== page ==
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How should file output be done?

 
Bill Raterink
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Posts: 29
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OK friends, I spoke (& chugged) too soon. In my hasty exuberance, I have messed up my output. Here's the code
<code>
public void SaveFile() {
// Set up the file output stream
String outFile = "testfile.out";
try {
BufferedWriter fileOut =
new BufferedWriter(new FileWriter(outFile));
} catch (IOException e) {
System.out.println(e.getMessage());
}
String lineOfOutput;
// write the 50 element array to the disk
for (int Indx=0;Indx<50;Indx++) {
try {
lineOfOutput = Comment1[Indx];
( NOTE: there'll be add'l fields here later))
fileOut.write(lineOfOutput,0,lineOfOutput.length());
fileOut.newLine();
} catch (IOException e) {
System.out.println(e.getMessage());
}
} // for
fileOut.flush();
fileOut.close(); // close the file
}//SaveFile
</code>
The compiler produces this message
FileEdit.java:209: Undefined variable or class name: fileOut
fileOut.write(lineOfOutput,0,lineOfOutput.length());
^
FileEdit.java:211: Undefined variable or class name: fileOut
fileOut.newLine();
^
What started this whole mess was my total lack of understanding of the throws IOException clause. It seems I can't use it, but rather I must use the Try/Catch combo. I was receiving an error msg that told me I either had to catch an exception, or throw it in my method. I could get neither to work. Thanks again for the help AND the patience. -Bill.
 
Ernest Friedman-Hill
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Hi Bill,
Any set of curly braces defines a "scope". Variables declared inside one scope aren't visible outside that scope. You added a "try" block around the declaration of fileOut, so now it's local to that block, meaning that the code later in the method can't see it.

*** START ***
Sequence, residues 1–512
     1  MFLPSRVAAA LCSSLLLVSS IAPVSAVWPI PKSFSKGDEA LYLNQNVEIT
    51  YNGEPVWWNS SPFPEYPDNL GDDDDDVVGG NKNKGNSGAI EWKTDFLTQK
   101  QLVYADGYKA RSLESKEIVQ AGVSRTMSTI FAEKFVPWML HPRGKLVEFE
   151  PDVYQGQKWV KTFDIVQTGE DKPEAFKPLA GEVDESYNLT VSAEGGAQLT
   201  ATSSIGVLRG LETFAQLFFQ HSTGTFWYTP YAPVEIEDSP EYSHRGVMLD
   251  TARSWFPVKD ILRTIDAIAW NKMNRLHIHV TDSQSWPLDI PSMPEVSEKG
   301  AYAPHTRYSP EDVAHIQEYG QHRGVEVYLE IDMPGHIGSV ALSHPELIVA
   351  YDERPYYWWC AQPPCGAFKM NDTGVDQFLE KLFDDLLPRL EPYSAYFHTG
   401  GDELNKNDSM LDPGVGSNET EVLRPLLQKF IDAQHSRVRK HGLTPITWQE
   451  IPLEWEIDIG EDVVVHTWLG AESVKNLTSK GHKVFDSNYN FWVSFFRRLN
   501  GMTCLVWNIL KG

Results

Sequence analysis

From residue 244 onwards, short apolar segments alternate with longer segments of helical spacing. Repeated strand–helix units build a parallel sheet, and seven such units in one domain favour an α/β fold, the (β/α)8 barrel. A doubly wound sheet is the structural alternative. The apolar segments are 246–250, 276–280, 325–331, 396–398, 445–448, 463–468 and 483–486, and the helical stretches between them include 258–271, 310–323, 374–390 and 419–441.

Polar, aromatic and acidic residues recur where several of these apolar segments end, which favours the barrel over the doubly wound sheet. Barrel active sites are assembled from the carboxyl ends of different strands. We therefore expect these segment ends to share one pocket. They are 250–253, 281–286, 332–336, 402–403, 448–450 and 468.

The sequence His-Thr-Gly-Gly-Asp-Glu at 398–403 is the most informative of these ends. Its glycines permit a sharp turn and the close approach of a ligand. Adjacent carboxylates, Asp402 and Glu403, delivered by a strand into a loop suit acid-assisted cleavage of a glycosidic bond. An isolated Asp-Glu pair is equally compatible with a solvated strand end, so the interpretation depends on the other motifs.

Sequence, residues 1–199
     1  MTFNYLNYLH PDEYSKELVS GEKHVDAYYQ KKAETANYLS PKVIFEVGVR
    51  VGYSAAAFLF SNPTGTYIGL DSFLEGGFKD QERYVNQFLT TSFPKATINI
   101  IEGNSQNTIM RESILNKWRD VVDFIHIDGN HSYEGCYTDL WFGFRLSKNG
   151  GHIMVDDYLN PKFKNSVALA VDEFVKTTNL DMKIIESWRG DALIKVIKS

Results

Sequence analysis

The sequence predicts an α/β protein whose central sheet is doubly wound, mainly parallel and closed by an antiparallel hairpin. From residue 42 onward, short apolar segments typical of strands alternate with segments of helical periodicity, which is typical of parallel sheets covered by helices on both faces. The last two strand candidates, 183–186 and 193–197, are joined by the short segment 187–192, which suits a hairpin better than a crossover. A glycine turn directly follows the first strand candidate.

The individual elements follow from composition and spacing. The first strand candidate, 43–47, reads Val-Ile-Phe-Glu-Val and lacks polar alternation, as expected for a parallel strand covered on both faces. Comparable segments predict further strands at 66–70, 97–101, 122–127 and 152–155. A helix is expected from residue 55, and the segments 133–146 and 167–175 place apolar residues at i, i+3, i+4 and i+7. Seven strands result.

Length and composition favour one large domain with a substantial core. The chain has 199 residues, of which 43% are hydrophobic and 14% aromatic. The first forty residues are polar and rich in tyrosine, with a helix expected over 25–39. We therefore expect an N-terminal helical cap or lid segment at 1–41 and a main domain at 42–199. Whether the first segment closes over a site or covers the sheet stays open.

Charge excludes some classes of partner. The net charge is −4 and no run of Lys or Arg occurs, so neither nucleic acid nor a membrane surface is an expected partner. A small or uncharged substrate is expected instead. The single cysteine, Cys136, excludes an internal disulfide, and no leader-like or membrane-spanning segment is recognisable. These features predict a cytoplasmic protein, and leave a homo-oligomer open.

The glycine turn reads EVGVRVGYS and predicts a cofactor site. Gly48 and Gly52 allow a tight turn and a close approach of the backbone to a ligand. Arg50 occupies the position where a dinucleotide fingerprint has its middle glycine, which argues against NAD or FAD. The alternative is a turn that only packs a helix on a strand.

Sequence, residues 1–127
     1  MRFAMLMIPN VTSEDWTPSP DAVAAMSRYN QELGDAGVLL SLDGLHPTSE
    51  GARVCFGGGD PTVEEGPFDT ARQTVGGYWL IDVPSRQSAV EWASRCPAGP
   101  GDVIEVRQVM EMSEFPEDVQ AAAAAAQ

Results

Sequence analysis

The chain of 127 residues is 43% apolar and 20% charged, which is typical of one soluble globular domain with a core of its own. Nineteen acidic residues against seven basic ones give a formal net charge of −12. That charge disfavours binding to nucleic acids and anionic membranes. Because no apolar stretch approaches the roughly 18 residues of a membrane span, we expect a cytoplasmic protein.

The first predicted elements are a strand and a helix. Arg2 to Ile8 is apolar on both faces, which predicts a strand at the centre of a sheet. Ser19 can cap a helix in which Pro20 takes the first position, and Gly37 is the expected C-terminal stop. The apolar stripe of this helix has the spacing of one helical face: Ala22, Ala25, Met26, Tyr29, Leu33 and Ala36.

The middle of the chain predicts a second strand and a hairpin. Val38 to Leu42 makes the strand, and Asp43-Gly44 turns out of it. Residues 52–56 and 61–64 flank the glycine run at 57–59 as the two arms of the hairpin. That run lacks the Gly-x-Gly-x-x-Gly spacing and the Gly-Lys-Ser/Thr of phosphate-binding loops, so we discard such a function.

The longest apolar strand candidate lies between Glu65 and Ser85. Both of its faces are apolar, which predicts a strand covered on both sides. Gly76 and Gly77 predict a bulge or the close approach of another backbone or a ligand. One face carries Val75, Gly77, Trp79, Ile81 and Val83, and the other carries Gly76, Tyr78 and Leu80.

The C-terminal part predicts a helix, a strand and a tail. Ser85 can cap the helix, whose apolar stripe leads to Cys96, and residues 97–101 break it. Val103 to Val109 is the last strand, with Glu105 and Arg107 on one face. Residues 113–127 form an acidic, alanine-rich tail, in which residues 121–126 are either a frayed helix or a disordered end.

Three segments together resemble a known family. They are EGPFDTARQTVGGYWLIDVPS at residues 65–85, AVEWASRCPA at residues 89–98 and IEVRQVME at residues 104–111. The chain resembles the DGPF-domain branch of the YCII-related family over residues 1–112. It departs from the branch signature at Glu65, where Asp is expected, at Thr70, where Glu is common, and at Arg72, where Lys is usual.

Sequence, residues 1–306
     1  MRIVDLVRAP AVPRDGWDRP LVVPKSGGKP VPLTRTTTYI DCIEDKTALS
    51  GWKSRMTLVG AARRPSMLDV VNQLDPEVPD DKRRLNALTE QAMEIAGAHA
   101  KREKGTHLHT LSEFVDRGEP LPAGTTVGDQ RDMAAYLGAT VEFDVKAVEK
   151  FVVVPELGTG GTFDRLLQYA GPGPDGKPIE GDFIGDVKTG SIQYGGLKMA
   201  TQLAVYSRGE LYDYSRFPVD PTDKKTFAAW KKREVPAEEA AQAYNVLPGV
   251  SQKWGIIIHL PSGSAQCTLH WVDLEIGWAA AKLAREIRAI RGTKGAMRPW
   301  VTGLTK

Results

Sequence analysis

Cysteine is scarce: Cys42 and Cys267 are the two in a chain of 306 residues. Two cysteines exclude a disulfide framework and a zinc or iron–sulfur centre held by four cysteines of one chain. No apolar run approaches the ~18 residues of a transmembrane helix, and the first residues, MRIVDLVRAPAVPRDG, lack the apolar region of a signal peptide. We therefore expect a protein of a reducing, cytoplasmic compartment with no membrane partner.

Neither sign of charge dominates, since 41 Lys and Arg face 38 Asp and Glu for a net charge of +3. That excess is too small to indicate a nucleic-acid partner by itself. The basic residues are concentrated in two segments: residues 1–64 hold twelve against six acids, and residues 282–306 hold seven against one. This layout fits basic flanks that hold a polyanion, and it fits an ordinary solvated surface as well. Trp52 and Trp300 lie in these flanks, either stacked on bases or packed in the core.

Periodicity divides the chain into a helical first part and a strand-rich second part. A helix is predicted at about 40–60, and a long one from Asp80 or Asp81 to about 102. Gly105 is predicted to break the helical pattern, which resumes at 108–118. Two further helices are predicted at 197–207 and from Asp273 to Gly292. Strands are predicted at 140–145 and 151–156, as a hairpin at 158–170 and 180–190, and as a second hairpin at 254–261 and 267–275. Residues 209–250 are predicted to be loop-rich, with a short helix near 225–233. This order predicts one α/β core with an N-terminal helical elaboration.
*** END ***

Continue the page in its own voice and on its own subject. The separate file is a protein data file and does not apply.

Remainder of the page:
Generally, there are two ways to deal with this. One is to declare the variable before the try block, and initialize it inside the try block:

This leads to fairly ugly code, so the second alternative is better: make the try block as big as possible, so all the code that need to access fileOut is inside the try block. Im the code you show, you have two separate small try blocks. Instead, have one big one that's basically the whole body of the method, and one catch block to handle IOExceptions.
 
Bill Raterink
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Thank you both so much for the "Scope lesson". SLAP! I should have seen that. SLAP SLAP! Now, am I better off using your suggestions, or using the "throws IOException" clause. If the latter, where do I put it?
Thanks again, -Bill
I've crossed that fine line between Genius, & Dufus...again!
 
Ernest Friedman-Hill
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Speaking in sweeping generalities:
The question to ask yourself is whether code that calls saveFile() wants to know whether the save operation failed or not. The answer is probably "Yes, it does." In that case, you remove the try/catch entirely for the moment, and then declare saveFile() as

Now, if saveFile() fails, it will throw an IOException to notify its caller. That means that to call saveFile(), you have to do it like this:

As you can see, there's no free lunch -- somebody's got to handle the exception. But generally, exceptions should end up being caught by the part of your code that knows how to deal with failure.
 
Bill Raterink
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Earnest, thanks again. I think it's finally starting to sink in. If I throw the exception, then the code that calls the routine has to either handle it (using the Try/Catch) or pass it on up the line (throw it)to the code that call IT, etc., etc. So, there "always a CATCH, somewhere" Correct? Sorry about the pun, it's just way too early. Thanks, -Bill.
 
Ernest Friedman-Hill
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Actually, that's kind of a cute joke and I can't remember ever hearing it before (incredibly enough!)
 
Joel McNary
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Posts: 1840
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Just as an aside, Bill -- the UBB tags require square brackets, not angled ones...use [CODE] and [/CODE] instead of <code> and </code>.
Just a (hopefully) helpful note.
And I liked the pun, too...
 
Bill Raterink
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Joel, thanks, I noticed that MY code didn't look quite the same as the other folks, especially in the "indentation area" HA!HA! So I went looking & found my <> vs [] problem. Thanks again. -Bill.
 
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